invest

  • Your Foundation’s Long-Term Investment Success Tied to Your Risk Management

    Many elements affect the success of your endowment over the short term. Quality governance, leadership, and fundraising are among the most obvious. However, when looking at your endowment growth over longer periods of time, what counts is how it fares during downturns that regularly hit the financial markets.  

    It is no surprise that healthy financial markets put the wind at the back of your endowment sails. Advancing stock markets drive your endowment asset levels higher, and usually prompt increased donation flows — a perfect combination for success. In fact, during most bull markets the average foundation results are quite similar. It appears that the rising tide does, in fact, lift all ships in the endowment world. 

    Fortunately, most sophisticated endowments usually have 60-70% of their assets invested in the stock market during most of, if not all of the time. When one considers that the average bull market lasts 7-9 years and has returned investors 200%+ during most of those periods, it is easy to see why the average endowment enjoys success when the good times roll. 

    But it also appears that most endowments lose in a similar fashion when the proverbial “music stops.“ In fact, during market declines similar to 2008-2012, the majority of endowments lost significant value, in some cases as much as 50%. As the stock market tide pulls back, most endowment ships take on water! 

    Such market swings create more havoc than you may think. The negative impact of substantial stock market declines has a profound effect on the health and even the longevity of your endowment assets. This is mainly due to what we call the “ugly math” of big investment losses. 

    A 50% decline in the value of your endowment requires a 100% upward swing in the market to just get back to where you were.  (Think of it: if $100 loses 50%, down to $50, it takes a 100% gain to recoup to $100.) And this ugly math is compounded by your need to continue making withdrawals from your endowment, thus further depleting your principal during a down stock market cycle. On average it takes 6-7 years for stock markets to fully recover bear market losses.

    The moral of the story is this: you need appropriate risk management tools that prevent substantial losses and ugly math.

    No one can predict with accuracy when the next bear market will ravage stock markets, but committees can prepare for their inevitable arrival by having a few important policies and using certain tools. Here is a breakdown of four things you can do: 

    1. First, you need a finance committee who is not tricked by their own human nature or lack of knowledge when it comes to market history. Often committees can be prompted by current stock market strength to become overconfident about future stock market advances. They let the endowment remain inappropriately over-weighted in stocks – at just the wrong time.  This type of behavior is why the human brain isn’t great at investing and is one of the reasons that a strict, well-written Investment Policy Statement should be in place and adhered to.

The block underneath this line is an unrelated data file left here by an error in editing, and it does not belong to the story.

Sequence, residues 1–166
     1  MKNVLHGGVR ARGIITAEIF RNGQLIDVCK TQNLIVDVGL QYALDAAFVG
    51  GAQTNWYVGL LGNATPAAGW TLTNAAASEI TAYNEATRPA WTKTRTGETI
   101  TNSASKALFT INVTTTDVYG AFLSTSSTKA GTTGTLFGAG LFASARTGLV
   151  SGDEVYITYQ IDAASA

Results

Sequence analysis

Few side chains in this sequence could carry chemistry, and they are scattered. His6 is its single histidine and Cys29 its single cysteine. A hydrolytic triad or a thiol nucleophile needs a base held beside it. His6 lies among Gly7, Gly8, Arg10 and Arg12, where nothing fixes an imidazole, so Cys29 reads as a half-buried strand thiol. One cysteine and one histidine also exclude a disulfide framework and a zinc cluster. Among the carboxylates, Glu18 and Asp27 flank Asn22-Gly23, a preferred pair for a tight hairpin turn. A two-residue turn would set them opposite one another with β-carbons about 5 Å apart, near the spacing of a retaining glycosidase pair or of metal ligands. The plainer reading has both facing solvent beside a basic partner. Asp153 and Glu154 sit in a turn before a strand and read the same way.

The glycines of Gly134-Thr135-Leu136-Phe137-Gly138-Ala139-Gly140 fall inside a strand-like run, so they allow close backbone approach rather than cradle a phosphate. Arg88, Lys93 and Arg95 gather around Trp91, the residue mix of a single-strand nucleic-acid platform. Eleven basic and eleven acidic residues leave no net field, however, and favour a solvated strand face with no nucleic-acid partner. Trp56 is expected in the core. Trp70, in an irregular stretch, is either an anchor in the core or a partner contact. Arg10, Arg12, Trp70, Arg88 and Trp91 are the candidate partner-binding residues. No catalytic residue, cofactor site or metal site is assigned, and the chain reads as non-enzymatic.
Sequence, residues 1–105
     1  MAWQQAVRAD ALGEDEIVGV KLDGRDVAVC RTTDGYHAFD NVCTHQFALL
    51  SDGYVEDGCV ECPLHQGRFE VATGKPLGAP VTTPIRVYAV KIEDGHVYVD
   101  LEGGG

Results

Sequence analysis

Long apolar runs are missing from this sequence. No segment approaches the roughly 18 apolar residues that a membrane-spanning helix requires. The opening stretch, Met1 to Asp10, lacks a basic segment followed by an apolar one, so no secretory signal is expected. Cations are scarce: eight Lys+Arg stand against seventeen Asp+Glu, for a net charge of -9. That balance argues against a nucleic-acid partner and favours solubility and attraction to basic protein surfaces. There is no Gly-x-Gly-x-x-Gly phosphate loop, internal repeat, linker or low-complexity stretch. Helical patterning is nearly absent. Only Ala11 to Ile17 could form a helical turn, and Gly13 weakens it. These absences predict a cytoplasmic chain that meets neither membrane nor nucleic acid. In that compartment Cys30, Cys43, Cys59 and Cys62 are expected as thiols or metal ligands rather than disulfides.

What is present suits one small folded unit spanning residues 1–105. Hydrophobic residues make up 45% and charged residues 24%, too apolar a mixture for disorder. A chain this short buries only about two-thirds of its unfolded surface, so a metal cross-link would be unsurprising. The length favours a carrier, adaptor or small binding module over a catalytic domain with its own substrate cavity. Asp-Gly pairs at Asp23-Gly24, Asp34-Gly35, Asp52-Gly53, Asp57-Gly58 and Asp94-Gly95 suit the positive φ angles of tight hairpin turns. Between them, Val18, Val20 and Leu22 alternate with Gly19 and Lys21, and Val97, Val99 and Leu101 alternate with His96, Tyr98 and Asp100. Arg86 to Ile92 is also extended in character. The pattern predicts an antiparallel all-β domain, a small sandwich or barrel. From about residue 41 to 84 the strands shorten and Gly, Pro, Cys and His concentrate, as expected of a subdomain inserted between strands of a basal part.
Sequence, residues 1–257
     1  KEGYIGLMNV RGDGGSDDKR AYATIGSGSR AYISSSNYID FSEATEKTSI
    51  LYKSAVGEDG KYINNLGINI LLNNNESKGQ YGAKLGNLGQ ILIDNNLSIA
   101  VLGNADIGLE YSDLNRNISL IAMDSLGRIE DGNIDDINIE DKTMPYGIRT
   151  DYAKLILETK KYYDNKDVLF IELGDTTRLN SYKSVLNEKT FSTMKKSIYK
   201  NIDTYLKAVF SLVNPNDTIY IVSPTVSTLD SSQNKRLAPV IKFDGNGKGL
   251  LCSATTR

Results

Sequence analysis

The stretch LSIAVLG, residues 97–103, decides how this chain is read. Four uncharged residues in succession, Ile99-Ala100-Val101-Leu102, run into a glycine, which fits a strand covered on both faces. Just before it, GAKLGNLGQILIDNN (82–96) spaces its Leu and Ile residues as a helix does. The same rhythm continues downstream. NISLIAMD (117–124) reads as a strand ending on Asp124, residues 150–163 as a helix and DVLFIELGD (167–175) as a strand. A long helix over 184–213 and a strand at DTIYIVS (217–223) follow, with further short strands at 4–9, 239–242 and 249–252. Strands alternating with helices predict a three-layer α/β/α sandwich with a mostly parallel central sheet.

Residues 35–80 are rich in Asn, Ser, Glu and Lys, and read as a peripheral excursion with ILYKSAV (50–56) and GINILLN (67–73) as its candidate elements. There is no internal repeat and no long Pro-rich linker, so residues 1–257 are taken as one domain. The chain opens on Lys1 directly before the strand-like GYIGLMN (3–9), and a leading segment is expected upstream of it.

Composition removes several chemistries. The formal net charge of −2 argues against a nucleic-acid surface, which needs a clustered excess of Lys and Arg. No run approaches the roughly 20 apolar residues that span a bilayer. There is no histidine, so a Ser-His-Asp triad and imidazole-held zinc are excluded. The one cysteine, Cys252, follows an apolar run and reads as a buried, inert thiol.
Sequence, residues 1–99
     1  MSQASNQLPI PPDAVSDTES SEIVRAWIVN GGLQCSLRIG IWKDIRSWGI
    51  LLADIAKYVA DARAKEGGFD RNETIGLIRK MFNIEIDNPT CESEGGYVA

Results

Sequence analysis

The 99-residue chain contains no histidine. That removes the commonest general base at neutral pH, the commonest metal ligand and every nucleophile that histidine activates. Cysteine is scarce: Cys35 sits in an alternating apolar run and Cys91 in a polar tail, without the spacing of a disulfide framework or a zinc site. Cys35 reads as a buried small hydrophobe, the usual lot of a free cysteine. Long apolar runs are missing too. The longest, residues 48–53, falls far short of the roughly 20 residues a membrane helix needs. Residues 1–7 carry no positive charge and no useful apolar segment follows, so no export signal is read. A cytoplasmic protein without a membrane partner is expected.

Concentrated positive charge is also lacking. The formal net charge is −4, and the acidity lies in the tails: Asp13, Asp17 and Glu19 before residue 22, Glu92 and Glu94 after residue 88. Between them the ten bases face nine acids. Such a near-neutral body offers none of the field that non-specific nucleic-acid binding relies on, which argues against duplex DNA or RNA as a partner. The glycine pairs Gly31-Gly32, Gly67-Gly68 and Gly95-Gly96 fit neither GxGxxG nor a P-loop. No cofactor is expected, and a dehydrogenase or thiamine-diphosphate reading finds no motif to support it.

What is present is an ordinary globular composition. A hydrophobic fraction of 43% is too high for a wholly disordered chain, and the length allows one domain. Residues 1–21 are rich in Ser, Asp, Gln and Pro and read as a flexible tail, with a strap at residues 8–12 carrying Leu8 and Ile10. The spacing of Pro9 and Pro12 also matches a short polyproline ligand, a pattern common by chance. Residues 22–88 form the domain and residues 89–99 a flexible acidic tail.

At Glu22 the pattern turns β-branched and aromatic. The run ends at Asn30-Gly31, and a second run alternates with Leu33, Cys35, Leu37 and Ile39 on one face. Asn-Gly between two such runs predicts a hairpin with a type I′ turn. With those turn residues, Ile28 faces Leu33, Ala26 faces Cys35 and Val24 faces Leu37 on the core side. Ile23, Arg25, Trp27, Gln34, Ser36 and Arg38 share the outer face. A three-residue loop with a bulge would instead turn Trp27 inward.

2. Related to this, be sure your Investment Policy Statement specifies your endowment’s maximum stock exposure—and then adhere to it.  This policy should allow the investment manager to be significantly less exposed to stocks in bad markets – which I call “active asset allocation.”   
    3. Use “sector management,” by which I mean pay attention to the individual stock market sectors, which move differently.  There are periods of time when certain sectors of the stock market experience above-average growth to a point of dangerous valuation, followed by a crash. Tech stocks in 1999 (which later crashed) are a good example. Committees and investment managers should review their investment portfolios for those areas that have become significantly overvalued and reduce exposure to avoid catastrophic declines in those sectors. 
    4. Lastly, if you follow my advice and only invest in individual securities (individual stocks and bonds from around the globe), be sure to use “stop loss orders” which help prevent a huge loss in any one investment, sector or the whole portfolio. Stop loss orders automatically sell a stock if it declines by a certain specified amount, thus keeping your endowment away from catastrophic loss.

    No one knows when the next bear market will occur – but given how long it has been since the last, many smart forecasters think sooner than later. If there were ever a good time to get serious about risk management, the time is now by following these recommendations. Let’s make sure that when the next bear market is at your doorstep, you are prepared to weather the storm and make your foundation sustainable for many lifetimes!


    The Sustainable Endowment was written for executives and board members of small- to mid-size U.S.-based nonprofits, charities, or foundations. Running a nonprofit requires specialized knowledge and skills, especially regarding foundation management and investing your endowment so it remains sustainable for years to come.